Last year Europe saw very high levels of wholesale power prices, driven by gas prices that repeatedly broke all-time high records since the start of the Ukraine war.
This was the standout highlight from the latest report on the European energy market from data analyst EnAppSys. The report also points to issues within France’s nuclear fleet and droughts reducing hydropower output as key factors impacting power prices in 2022.
Title Transfer Facility (TTF) prices in the Netherlands – a virtual trading point for natural gas in this country – reached an unprecedented high of €308.18/MWh in August due to the impact of the war in Ukraine, widespread reductions in availability of the French nuclear fleet, and droughts which reduced hydropower output across multiple regions including Norway.
The issues with the French nuclear fleet resulted in France becoming a primary importer of power during various periods of 2022. This reversed usual trends as this country has historically been one of the largest exporters of power in Europe.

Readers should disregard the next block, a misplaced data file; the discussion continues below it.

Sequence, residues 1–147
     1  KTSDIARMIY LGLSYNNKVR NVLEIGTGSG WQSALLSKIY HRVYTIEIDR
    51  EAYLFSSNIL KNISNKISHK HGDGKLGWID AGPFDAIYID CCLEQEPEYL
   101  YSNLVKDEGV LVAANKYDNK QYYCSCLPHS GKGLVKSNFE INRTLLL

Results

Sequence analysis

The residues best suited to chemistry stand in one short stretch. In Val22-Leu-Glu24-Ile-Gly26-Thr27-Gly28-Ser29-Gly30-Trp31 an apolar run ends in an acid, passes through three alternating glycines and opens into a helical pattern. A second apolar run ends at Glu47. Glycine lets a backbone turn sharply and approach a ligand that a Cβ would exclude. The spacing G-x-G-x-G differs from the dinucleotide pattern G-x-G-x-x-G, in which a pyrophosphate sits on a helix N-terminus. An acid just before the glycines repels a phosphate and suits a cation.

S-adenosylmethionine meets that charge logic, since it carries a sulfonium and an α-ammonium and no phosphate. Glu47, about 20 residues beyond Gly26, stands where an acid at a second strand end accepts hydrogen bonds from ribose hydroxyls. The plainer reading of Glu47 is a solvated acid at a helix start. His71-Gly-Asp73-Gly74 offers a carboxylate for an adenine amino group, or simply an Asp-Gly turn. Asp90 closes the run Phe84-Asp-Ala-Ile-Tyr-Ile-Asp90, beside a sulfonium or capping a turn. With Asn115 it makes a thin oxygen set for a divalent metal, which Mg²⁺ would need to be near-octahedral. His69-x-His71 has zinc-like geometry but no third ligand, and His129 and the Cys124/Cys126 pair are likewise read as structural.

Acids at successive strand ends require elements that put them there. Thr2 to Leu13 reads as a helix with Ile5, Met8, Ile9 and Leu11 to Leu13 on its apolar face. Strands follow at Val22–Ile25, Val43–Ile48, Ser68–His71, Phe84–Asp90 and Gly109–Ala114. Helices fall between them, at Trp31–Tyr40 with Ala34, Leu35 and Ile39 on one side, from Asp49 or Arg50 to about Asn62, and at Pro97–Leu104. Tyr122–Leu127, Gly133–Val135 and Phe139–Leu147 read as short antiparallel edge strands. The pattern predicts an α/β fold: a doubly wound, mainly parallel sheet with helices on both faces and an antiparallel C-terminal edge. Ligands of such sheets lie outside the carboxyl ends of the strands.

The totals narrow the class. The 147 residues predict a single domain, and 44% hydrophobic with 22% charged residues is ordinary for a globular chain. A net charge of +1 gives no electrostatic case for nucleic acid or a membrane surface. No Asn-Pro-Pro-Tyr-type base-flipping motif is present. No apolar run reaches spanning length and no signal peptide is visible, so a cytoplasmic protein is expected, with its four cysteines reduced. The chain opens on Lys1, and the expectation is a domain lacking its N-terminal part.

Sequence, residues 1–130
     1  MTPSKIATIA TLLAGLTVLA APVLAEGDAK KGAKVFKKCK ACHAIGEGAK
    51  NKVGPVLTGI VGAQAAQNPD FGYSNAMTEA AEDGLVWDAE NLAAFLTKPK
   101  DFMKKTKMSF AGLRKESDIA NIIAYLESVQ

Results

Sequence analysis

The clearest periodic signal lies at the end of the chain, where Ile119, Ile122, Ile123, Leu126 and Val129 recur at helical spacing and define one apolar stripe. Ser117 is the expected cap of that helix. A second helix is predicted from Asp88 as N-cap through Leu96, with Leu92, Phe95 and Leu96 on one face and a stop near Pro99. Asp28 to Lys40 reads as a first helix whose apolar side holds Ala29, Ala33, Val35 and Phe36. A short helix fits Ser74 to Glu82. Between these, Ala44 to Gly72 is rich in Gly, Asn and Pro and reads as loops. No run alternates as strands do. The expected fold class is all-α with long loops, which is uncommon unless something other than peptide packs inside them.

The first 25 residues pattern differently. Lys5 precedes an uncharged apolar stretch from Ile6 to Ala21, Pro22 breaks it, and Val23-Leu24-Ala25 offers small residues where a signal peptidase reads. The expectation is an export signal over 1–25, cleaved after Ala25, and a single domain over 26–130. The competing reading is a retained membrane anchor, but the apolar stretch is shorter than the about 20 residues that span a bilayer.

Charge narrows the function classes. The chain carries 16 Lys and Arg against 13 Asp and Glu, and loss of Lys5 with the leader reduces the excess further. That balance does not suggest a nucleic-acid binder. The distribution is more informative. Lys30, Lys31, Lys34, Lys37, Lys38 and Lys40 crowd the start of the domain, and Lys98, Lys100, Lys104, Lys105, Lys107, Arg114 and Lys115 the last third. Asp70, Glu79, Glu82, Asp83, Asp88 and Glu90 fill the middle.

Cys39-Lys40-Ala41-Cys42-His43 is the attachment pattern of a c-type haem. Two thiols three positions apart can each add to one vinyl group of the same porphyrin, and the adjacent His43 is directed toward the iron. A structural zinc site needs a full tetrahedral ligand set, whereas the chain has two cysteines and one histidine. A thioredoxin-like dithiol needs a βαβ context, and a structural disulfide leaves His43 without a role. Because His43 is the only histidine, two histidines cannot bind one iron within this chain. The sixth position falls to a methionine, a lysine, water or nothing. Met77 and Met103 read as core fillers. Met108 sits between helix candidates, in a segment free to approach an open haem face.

Wholesale prices started dropping towards the end of the year once large volumes of gas were stored in preparation for winter. A warm autumn contributed to the drop in prices and for a short period there was an oversupply of gas, with liquid nitrogen gas (LNG) tankers waiting offshore to be offloaded, while storage was filled to its limits.
Sweden became the largest exporter in Europe, exporting 33TWh across the year. Denmark and Finland received the largest share of these exports.